May 11, 2015
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While technology is vastly changing the way students learn in classrooms, with some schools equipping their students with iPads, many West County public school teachers struggle to equip their pupils with basic materials like books and quality paper.

Charis West, a Grant Elementary kindergarten teacher, said cost restraints prevented her from procuring a set of markers for her classroom and also forced her students to use cheap, flimsy newsprint for lessons requiring higher-quality chart paper.

Despite the bleak picture, this spring local teachers like West received a much-needed boost from the Chamberlin Family Foundation’s Gratitude Grants program, which provided $61,000 in grants ($250 per teacher) for the purchase of books, basic supplies and other academic needs.

Nearly all 56 public schools in West County benefited from the grants. Eleven-percent of grantees requested basic materials such as paper, pencils, calculators, notebooks, sharpeners and markers, the foundation said.

The bulk of grants went to Richmond-area schools, including seven to Ford Elementary School, six to Montalvin Manor Elementary, five to Lovonya DeJean Middle School, eight to Lincoln Elementary School, and seven to Richmond High School.

With her grant, West was not only able to purchase the markers and chart paper for her students but also books from the new Common Core State Standards recommended reading list.

Meanwhile, Joanne Friedman, a second-grade teacher at Wilson Elementary in Richmond, used her grant to equip her school library with nonfiction and guided-reading books for small group instruction. In the past, Friedman said she’s had to dig into her pockets to purchase books for her students. (photo below from Friedman’s classroom)

Nearly all West County schools get boost from Chamberlin Gratitude Grants program“There are challenges here in knowing what is needed, funding the purchases, and organizing the materials to be optimally used by more than one classroom of students,” Friedman said.

One in four grants from the Gratitude Grant program helped meet literacy needs and provide materials to prepare students for Common Core.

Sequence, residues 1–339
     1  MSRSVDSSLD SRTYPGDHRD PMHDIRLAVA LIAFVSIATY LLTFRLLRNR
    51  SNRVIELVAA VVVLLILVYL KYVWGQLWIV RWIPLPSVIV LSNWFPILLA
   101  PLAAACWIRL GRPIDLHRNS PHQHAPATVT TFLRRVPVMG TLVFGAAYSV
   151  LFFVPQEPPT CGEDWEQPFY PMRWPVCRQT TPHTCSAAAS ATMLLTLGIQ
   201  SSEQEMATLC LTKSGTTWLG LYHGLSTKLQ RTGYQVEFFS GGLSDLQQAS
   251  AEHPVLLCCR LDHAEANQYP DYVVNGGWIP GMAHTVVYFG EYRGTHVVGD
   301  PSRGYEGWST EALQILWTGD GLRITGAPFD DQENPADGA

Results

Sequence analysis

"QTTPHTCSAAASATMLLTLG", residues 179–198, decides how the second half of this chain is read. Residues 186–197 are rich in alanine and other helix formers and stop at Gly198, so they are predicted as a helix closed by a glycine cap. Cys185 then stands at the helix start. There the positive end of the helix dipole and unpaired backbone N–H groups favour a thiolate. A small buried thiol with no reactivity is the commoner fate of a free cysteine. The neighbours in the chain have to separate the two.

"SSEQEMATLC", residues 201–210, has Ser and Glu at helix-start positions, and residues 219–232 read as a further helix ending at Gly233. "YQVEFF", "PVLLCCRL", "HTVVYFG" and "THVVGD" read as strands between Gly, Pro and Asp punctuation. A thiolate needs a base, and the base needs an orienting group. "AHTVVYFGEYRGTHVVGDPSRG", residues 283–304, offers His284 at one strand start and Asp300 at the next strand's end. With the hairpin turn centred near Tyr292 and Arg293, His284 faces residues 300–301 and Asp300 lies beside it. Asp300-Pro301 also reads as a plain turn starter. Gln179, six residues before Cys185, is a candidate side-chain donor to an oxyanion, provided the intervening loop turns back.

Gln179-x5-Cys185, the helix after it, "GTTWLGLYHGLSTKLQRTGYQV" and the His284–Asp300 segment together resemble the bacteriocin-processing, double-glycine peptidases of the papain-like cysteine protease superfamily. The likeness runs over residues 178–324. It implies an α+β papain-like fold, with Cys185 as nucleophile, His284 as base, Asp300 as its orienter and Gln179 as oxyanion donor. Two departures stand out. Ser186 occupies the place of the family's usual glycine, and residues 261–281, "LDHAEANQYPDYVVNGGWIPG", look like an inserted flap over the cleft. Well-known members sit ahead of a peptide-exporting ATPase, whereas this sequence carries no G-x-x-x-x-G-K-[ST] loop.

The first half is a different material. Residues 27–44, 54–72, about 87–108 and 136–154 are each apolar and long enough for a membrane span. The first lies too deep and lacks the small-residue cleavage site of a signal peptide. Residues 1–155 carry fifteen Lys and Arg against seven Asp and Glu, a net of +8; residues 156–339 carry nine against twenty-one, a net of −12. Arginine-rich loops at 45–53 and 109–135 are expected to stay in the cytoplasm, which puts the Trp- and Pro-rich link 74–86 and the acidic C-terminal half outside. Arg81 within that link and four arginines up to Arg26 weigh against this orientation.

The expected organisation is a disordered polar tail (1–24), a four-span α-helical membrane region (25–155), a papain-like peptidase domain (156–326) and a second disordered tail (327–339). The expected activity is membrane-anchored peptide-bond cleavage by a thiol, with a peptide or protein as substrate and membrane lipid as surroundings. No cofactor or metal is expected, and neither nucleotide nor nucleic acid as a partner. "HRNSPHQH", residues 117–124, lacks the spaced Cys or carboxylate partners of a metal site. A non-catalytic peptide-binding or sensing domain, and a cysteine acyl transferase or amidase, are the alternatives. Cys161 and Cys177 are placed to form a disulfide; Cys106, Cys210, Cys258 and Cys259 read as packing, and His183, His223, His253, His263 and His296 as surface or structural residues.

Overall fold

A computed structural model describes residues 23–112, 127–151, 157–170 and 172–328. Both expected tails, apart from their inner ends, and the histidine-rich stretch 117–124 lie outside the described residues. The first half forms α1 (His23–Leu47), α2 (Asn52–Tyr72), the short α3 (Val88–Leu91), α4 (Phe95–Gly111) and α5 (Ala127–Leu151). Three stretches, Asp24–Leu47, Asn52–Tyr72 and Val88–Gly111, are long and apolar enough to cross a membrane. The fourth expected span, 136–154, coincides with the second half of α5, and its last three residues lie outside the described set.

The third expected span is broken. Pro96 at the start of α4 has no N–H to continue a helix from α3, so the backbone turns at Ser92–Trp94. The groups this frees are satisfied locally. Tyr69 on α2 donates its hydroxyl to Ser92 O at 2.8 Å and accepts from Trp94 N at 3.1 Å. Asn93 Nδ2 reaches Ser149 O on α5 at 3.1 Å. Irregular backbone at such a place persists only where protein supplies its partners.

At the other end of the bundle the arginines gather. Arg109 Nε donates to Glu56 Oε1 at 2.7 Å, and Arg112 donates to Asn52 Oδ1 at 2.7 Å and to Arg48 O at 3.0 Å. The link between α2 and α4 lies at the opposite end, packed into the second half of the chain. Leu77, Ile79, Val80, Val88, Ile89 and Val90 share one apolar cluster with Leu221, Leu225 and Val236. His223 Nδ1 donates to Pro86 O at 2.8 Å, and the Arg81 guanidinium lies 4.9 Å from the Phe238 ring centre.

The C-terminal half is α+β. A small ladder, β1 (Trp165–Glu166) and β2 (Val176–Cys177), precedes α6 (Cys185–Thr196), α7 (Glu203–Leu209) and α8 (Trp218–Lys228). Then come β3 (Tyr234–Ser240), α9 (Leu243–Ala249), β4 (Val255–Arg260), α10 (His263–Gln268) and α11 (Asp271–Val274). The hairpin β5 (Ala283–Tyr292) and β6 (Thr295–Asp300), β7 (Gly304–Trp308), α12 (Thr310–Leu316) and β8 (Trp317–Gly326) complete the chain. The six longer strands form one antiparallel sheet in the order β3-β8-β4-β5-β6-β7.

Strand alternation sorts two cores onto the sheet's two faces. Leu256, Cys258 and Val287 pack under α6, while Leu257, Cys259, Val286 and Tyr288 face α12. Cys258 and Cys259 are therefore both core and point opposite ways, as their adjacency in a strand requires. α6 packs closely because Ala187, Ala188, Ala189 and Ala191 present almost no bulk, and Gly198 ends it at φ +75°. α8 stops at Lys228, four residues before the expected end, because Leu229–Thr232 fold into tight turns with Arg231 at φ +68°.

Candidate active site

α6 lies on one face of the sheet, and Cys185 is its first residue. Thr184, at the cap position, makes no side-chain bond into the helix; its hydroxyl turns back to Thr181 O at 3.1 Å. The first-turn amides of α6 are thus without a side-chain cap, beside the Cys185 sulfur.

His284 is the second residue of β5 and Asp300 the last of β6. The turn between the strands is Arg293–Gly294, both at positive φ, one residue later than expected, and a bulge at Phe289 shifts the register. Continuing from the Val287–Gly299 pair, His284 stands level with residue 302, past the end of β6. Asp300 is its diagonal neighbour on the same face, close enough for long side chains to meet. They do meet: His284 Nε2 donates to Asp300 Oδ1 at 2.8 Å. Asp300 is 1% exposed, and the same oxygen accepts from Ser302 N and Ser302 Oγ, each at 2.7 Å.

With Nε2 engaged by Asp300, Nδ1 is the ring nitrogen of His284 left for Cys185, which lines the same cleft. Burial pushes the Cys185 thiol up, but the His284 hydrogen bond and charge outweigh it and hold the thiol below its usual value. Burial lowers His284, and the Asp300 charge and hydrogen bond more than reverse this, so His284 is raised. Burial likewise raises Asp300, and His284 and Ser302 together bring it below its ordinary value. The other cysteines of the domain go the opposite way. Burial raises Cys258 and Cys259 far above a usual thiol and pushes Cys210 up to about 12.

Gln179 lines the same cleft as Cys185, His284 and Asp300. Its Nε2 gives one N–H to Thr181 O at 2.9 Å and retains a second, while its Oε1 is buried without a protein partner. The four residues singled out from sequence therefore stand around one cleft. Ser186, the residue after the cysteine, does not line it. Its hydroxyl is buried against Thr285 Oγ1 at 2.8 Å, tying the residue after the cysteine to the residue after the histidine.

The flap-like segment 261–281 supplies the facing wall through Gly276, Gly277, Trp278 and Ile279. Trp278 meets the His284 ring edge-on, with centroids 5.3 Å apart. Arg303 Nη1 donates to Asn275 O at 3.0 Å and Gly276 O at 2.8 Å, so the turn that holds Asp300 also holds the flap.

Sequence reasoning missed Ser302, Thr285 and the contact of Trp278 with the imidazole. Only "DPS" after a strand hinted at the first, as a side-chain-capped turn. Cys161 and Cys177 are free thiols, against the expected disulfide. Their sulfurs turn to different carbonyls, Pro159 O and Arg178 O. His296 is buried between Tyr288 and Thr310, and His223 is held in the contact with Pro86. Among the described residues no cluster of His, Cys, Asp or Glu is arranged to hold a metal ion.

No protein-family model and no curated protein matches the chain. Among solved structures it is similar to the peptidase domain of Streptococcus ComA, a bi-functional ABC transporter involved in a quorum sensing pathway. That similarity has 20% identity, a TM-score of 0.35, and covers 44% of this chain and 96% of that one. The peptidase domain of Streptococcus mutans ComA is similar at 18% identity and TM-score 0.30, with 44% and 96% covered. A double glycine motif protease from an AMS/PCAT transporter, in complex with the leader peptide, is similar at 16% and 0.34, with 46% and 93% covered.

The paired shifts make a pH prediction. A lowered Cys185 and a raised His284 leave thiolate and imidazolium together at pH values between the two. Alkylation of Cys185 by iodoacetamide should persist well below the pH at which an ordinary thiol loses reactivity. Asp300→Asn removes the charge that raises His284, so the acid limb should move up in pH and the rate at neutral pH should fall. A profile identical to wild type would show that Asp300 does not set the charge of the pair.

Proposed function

Susan Chamberlin, co-founder with her husband Steve of the Chamberlin Family Foundation, said teachers know best what materials they need to empower their students.

“These grants are a thank you and an acknowledgement of teachers understanding what it takes to move students forward academically,” Chamberlin said.

The grant program is not the first to place purchasing powers for school instruction in the hands of teachers. Last year, Chevron’s Fuel Your School program provided $1 million to teachers in Contra Costa and Alameda counties for educational tools.

The Chamberlin Family Foundation hopes to continue the Gratitude Grants program in the 2015-16 school year.

Other Richmond-area Gratitude Grant recipients include:

  • Adriane Ahnstedt, fourth-grade teacher at Cesar E. Chavez Elementary, to buy special labels for an accelerated reader library
  • Annacy Wilson, ninth-grade teacher Richmond High School, to fund scientific calculators and spiral notebooks
  • Ariana Hernandez, kindergarten teacher at Lincoln Elementary, to pay for materials that encourage artistic ability and self-expression.


About the Author

Mike Aldax is the editor of the Richmond Standard. He has 13 years of journalism experience, most recently as a reporter for the San Francisco Examiner. He previously held roles as reporter and editor at Bay City News, Napa Valley Register, Garden Island Newspaper in Kaua’i, and the Queens Courier in New York City.